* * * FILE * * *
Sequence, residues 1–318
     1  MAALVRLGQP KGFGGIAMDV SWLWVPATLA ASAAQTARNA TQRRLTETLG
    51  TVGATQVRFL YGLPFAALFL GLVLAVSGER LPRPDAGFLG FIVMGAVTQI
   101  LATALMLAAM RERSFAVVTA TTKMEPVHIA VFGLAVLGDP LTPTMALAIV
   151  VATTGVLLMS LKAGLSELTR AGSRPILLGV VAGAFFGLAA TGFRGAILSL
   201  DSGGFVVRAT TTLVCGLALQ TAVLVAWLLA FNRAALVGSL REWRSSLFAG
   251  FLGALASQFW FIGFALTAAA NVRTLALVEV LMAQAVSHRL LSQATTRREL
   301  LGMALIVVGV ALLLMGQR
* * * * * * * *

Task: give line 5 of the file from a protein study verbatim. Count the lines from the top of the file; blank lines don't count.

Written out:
   151  VATTGVLLMS LKAGLSELTR AGSRPILLGV VAGAFFGLAA TGFRGAILSL